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Health groups placed in special measures in east Kent

By Paul Francis

Four GP health organisations in east Kent have been placed in special measures after running up deficits of more than £30 million.

Financial problems are identified as one of the main reasons for NHS England’s intervention in the four clinical commissioning groups (CCGs), where doctors commission services for patients in their areas.

The move is also related to the quality of services provided by the organisations, which operate under the East Kent CCG banner.

GPs work in CCGs to commission services for patients in their areas. Stock picture
GPs work in CCGs to commission services for patients in their areas. Stock picture

Ashford CCG reported a £13m deficit and South East Coast CCG had a £7.3m deficit.

Meanwhile, Canterbury and Coastal CCG ended the year in the red to the tune of £9.5m.

The three were rated inadequate while the Thanet CCG was rated as “requiring improvement” despite breaking even.

Yet Thanet was still placed in special measures with its neighbours because it shares the same challenges.

The special measures decision is likely to cause concern the groups will cut or restrict some treatments.

But health chiefs say the move represented an opportunity.

In a statement, East Kent CCG managing director Caroline Selkirk said: “We see being placed in ‘special measures’ as an opportunity to develop a shared approach to the challenges we face, both as CCGs and with our partners, and to transform the way we look after frail older people and people with complex health and care needs.”

She said that the NHS across east Kent was “financially challenged.”

“We see being placed in ‘special measures’ as an opportunity to develop a shared approach to the challenges we face..." - Caroline Selkirk, East Kent Clinical Commissioning Group

It was also missing a number of key national targets for patient care, including the number of people waiting more than four hours in the hospitals’ emergency departments to be admitted, transferred or discharged.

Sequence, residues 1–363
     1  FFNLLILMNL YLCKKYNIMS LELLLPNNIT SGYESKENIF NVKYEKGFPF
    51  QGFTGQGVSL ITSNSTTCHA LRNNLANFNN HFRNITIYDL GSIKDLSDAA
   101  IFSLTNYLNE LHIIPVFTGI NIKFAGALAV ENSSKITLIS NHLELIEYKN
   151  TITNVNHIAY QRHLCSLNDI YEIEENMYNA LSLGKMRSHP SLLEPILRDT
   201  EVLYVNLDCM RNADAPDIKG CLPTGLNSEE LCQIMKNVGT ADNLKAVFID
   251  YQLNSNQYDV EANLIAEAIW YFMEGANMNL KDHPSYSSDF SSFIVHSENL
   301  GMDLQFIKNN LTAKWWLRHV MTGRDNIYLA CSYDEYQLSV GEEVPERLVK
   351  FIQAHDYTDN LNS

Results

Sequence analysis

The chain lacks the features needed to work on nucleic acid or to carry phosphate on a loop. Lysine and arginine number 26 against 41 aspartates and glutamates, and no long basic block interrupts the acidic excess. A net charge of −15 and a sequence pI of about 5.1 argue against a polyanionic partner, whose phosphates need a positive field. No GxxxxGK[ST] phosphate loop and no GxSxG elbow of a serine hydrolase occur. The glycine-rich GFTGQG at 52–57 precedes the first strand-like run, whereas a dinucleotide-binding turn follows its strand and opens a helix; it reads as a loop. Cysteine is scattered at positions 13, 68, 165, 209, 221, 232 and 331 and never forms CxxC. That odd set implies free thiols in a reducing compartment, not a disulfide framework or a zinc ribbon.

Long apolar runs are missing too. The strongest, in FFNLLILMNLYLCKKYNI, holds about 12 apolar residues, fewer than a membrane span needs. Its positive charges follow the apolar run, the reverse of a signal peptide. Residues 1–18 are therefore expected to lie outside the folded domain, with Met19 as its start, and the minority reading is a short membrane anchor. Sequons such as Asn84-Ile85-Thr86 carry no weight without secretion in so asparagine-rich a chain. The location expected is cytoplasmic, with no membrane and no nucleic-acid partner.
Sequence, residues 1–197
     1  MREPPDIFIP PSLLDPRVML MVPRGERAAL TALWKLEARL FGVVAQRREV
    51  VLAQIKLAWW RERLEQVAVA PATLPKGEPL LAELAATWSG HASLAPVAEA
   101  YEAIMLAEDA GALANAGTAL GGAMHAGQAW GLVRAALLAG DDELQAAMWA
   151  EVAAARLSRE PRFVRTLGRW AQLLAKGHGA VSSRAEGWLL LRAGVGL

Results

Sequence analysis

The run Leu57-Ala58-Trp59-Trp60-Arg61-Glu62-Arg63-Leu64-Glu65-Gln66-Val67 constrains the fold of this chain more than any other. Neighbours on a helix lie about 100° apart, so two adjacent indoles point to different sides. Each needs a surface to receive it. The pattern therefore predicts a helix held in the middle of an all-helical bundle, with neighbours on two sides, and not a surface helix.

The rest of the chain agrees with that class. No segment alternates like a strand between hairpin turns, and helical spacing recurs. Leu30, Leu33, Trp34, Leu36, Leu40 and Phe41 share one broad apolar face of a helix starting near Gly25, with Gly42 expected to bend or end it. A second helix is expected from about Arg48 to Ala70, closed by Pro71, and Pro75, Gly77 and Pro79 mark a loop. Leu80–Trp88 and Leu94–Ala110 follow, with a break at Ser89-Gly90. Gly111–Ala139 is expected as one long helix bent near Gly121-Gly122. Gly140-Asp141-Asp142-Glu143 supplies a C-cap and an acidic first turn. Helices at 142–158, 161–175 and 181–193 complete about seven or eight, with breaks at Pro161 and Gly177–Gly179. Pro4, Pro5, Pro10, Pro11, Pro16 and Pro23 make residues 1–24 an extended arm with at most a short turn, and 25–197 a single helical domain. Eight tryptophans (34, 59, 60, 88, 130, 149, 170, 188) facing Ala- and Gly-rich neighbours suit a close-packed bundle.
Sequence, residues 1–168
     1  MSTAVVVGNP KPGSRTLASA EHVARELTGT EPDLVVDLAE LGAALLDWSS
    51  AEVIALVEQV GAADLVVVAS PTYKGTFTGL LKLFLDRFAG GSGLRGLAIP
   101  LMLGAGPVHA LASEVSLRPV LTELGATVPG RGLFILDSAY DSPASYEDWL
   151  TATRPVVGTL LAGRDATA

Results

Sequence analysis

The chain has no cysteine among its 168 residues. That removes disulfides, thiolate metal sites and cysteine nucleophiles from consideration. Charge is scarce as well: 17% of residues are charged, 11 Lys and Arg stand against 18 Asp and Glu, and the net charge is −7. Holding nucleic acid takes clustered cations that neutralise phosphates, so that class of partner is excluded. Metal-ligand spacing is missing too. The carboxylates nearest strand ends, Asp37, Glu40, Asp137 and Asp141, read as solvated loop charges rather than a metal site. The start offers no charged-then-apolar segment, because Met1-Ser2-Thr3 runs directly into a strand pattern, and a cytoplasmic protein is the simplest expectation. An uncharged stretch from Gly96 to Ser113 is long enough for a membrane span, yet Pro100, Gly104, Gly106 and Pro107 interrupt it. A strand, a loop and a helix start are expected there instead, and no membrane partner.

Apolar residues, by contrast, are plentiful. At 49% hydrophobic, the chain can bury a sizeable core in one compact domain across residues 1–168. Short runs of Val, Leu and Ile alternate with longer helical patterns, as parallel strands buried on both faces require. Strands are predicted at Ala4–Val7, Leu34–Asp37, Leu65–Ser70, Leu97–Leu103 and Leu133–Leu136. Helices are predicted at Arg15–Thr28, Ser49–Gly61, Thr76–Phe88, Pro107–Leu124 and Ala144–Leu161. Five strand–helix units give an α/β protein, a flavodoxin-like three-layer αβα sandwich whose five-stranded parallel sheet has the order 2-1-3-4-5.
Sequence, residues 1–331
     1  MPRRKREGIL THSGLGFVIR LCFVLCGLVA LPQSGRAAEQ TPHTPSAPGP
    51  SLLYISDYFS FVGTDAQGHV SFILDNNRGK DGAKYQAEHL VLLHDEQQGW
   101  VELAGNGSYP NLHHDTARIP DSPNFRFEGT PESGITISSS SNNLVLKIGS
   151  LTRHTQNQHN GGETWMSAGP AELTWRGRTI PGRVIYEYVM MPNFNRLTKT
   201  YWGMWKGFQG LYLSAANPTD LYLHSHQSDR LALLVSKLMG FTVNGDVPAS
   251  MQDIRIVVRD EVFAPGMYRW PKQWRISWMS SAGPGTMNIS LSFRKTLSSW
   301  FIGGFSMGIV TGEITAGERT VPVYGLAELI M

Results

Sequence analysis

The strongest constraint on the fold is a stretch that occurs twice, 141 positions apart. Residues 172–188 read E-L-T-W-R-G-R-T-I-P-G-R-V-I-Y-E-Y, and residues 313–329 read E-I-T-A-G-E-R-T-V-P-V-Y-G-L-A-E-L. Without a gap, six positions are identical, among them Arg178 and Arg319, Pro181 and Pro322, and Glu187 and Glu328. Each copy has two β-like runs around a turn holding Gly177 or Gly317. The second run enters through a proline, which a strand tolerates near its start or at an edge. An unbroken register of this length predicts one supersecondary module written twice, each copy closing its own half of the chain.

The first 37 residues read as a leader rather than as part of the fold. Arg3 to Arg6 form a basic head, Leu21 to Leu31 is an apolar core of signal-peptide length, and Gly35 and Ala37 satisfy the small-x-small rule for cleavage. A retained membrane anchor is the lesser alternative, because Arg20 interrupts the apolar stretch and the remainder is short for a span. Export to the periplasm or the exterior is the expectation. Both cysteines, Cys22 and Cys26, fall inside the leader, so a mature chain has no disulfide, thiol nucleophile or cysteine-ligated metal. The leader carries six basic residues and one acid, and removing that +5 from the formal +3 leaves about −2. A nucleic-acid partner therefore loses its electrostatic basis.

“It is clear the clinical commissioning groups need to work much more closely together to resolve these issues,” she said.

“This will see people getting far more joined-up care resulting in less time in hospital beds and will enable hospital staff to deliver the specialist care and treatment only they can provide.”

“We have already created a shared management team, developed a shared financial recovery plan, and have started to strengthen and streamline the way we work.”

“These changes will help us move at pace to deliver the best achievable health and healthcare for local people, and make better use of our staff and funds.”

Glenn Douglas, the accountable officer for the CCGs, said: “We can’t solve all of the problems until there is a strategic decision but there is a lot that we can do.”

Campaign group CHEK - Concern for Health in East Kent - said it was worried that NHS England would intervene to ensure deficits were reined in by ordering GPs to halt some services.

“Our biggest concern has always been that patient care comes first and we should not be reducing care as a way of keeping costs under control,” said spokesman Ken Rogers.

“If decisions come down from above, it will do without necessarily taking into account local demands.”

The move could also further delay consultation on a wider re-organisation of the NHS in Kent under the Sustainability and Transformation Plan (STP).

That is a five-year blueprint for health care across the county.

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